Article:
Kim’s parents let her go to my Gramie’s with me one summer. Usually I would play alone in the meadows, around the barn and at the brook. Children did that, then. As long as I came soon after my grandmother called for me, it was fine. She lived down a steep embankment off of a quiet highway deep in the Catskills.
We were playing on the front porch. I felt something click in the left side of my neck and I burst out, “Let’s make an altar to the nature Spirits!”
“Yeah!” said Kim, always pretty agreeable and up for whatever our imaginations.
Kim and I ran upstairs in the small playroom, which was really an open room to the right at the top of the narrow, steep stairs, that led into my mother’s old bedroom. My Gramie kept all of my playthings there. I said we should get some of the costume jewelry, and some play money, because we had to leave an offering for them.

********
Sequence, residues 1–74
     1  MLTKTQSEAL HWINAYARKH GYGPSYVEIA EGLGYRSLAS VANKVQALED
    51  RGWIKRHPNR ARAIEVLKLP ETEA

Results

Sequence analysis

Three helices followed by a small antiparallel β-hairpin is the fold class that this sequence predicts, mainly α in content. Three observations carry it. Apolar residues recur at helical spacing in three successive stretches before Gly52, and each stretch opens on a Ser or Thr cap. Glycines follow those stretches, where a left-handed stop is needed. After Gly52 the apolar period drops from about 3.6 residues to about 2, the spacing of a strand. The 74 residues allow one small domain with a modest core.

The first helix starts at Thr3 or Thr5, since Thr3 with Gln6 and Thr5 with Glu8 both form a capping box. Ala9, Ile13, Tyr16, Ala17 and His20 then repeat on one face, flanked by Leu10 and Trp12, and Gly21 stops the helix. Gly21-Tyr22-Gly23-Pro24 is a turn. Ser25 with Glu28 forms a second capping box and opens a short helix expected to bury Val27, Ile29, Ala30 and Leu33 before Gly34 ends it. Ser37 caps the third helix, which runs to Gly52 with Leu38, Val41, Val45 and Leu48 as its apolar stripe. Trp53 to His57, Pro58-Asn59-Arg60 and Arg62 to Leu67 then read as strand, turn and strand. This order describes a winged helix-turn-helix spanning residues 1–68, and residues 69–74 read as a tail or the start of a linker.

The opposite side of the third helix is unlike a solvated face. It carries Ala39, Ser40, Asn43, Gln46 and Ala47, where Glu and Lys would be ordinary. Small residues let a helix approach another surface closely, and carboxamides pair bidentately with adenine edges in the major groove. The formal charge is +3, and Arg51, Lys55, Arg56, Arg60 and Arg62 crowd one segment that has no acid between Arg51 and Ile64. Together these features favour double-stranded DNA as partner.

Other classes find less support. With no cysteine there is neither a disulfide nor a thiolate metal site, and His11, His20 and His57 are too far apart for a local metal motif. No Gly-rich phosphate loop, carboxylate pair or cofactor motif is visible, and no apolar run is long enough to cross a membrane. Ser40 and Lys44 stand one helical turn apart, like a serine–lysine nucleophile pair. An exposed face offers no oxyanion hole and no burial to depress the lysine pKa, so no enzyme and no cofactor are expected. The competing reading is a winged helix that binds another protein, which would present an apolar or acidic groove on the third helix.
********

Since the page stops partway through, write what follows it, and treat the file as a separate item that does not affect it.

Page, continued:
We took those things and rushed down through a thin patch of woods to the brook. On the slope before the brook, we terraced out a flat patch of earth near the roots of one of the old trees and carefully laid out the gifts we had for the Nature Spirits. Satisfied with this endeavor, I said we should cover our gifts with the leaves we had swept aside, lest anyone should steal the gifts before the fairies could get them. We went on our way, to whatever else the day was calling for us to do.
I never looked back, and soon forgot about it, everything- the calling to make the altar, that it was even there- until many years later. For all I know, a tiny necklace of plastic pearls still lies entwined in the earth.
Not bad for two little Catholic schoolgirls. They didn’t teach us about making altars to the nature Spirits in catechism.